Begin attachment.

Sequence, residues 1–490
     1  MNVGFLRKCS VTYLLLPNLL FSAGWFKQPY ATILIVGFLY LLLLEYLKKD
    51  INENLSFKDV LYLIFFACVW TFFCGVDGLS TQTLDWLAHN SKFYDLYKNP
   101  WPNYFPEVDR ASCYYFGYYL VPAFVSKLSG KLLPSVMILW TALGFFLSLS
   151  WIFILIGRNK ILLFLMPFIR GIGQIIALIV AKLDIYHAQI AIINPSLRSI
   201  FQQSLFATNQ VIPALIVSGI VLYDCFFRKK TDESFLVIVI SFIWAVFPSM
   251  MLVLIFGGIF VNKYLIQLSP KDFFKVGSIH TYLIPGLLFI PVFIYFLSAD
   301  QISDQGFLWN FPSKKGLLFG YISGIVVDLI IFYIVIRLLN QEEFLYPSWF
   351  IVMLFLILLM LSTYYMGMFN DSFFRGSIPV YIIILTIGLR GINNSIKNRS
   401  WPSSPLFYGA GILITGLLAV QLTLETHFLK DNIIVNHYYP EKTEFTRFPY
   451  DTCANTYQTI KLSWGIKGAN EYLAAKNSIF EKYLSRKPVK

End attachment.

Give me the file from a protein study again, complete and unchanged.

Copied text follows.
Sequence, residues 1–490
     1  MNVGFLRKCS VTYLLLPNLL FSAGWFKQPY ATILIVGFLY LLLLEYLKKD
    51  INENLSFKDV LYLIFFACVW TFFCGVDGLS TQTLDWLAHN SKFYDLYKNP
   101  WPNYFPEVDR ASCYYFGYYL VPAFVSKLSG KLLPSVMILW TALGFFLSLS
   151  WIFILIGRNK ILLFLMPFIR GIGQIIALIV AKLDIYHAQI AIINPSLRSI
   201  FQQSLFATNQ VIPALIVSGI VLYDCFFRKK TDESFLVIVI SFIWAVFPSM
   251  MLVLIFGGIF VNKYLIQLSP KDFFKVGSIH TYLIPGLLFI PVFIYFLSAD
   301  QISDQGFLWN FPSKKGLLFG YISGIVVDLI IFYIVIRLLN QEEFLYPSWF
   351  IVMLFLILLM LSTYYMGMFN DSFFRGSIPV YIIILTIGLR GINNSIKNRS
   401  WPSSPLFYGA GILITGLLAV QLTLETHFLK DNIIVNHYYP EKTEFTRFPY
   451  DTCANTYQTI KLSWGIKGAN EYLAAKNSIF EKYLSRKPVK